Heating up television screens last night on Fox News was the first GOP Presidential Debate of the 2016 presidential season.  Seventeen candidates sparred over the economy, immigration reform, women’s health, but only a few had anything to say about American workers and American jobs.  Jeb Bush, whose gaffe last month about Americans needing to work more hours drew criticism and coverage from this OnLabor post, emphasized that more workers need full-time opportunities.  “6.5 million people are working part-time, most of whom want to work full-time.”  He also suggested, in tune with the small-government theme of the night, that federal regulations are “job killers” and that Obama care “suppress[es] wages and kill[s] jobs.”  The other candidate who tackled the issue head-on was Gov. Scott Walker, highlighting his track record in Wisconsin.  “Before I came in, the unemployment rate was over eight percent.  It’s now down to 4.6 percent . . . the rate in which people are working is almost five points higher than it is nationally.”  Echoing Bush, Walker also plugged small-government as the key to job growth, “I think most of us in American understand that people, not the government creates jobs.”  “Get the government out of the way.” For a transcript of the debate click here.

Although neither Mike Huckabee, nor any other GOP candidate for that matter, fielded questions about unions last night, Huckabee has drawn attention recently for his unusual stance on union membership and his courtship of the union vote.  Last week Huckabee was the only Republican presidential hopeful to attend the AFL-CIO endorsement meeting, reports the Washington Post.  He expressed general support for collective bargaining and unionization, “[t]hat’s a choice people ought to be able to make,” and reminded the audience that many union members are part of –– or could be part of –­– the Republic base, despite the overwhelmingly democratic-bend of AFL-CIO and other organized labor groups.  CBS News quoted Huckabee as saying, “Some of those union members are pro-life.  Some of those union members, you know, are church-going, gun-owning people that really are philosophically more Republican except for maybe the political leaning of their unions.”  Hillary Rodham Clinton, Maryland Gov. Martin O’Malley, Bernie Sanders (D-Vt.) and ex-Senator Jim Webb (D-Va.) were the democratic presidential candidates also slated to meet with the organized-labor powerhouse last week.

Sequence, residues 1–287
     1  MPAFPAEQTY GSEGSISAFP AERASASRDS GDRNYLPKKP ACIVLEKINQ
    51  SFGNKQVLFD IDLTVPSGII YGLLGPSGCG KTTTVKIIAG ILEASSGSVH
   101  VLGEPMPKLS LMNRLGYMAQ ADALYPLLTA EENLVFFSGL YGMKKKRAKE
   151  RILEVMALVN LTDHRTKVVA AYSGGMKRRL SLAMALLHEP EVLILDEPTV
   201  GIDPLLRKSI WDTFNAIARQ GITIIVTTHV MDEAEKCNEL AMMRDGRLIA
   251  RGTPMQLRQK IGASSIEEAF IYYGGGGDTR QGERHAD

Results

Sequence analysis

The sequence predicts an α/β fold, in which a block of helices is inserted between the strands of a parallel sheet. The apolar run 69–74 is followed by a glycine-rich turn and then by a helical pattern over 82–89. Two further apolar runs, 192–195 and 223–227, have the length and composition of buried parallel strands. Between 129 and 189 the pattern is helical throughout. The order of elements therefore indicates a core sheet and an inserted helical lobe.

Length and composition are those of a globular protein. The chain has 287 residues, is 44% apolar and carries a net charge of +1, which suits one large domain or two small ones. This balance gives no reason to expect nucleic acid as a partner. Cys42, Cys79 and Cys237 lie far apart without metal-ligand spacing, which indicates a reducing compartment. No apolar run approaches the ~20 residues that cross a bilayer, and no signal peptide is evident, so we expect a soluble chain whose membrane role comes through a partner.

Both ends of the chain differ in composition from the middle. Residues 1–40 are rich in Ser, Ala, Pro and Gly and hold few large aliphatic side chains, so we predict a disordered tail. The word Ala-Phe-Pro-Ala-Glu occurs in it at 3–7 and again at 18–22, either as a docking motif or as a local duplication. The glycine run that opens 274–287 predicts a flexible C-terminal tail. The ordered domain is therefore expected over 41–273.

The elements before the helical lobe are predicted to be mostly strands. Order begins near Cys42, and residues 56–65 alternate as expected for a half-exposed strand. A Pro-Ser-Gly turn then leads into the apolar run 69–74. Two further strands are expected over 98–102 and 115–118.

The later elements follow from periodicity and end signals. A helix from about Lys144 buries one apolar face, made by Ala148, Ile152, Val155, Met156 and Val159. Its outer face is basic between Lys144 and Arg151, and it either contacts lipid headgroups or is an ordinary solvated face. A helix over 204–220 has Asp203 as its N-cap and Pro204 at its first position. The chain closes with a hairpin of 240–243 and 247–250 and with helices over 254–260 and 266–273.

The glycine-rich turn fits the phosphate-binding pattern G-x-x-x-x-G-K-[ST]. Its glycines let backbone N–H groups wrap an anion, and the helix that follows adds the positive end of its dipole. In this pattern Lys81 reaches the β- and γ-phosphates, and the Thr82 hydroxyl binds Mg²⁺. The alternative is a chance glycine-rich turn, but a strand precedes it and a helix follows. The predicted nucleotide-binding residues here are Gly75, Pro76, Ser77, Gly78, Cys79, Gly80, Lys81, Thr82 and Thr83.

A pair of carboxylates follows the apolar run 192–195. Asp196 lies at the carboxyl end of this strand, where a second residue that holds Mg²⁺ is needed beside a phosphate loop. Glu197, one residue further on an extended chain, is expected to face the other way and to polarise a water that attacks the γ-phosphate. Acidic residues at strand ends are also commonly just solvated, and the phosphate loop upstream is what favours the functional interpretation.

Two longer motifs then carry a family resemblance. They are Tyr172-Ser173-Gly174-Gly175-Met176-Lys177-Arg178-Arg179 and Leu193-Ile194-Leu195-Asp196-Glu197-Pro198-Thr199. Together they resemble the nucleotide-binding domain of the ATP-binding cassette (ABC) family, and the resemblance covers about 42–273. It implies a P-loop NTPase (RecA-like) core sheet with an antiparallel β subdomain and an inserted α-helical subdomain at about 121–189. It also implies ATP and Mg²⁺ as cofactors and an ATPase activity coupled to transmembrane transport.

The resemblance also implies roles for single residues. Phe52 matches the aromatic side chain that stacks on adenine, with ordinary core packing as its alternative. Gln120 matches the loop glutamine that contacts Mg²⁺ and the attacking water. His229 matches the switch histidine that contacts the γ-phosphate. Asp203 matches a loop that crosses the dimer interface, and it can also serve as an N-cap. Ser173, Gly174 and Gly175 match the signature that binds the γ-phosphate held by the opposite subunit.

On the democratic campaign trail, Hillary Clinton recently visited a technical college in Los Angeles packed with home health-care workers represented by the Service Employees International Union (SEIU).  The message? Raise wages.  “We won our contract for $15 an hour, but there are still lots of home health-care workers, both private and public sector, that don’t make $15 an hour. T hey need to have a living wage,” said one worker to Clinton according to CNN politics.  But the former Secretary of State is on the record as equivocating on raising the minimum wage to $15 nationally.  She supported New York’s fast food workers’ hard-fought and -won campaign for $15, but doubts whether their victory should be replicated across the country. “The cost of living in Manhattan is different than Little Rock and many other places, so New York and Los Angeles or Seattle are right to go higher.”  Without committing to any number, Clinton assured her audience that she would fight for higher wages and that it was “inadequate” that home-care workers made hourly wages.  But the verdict is still out on whether Clinton’s push will be enough to win the working vote.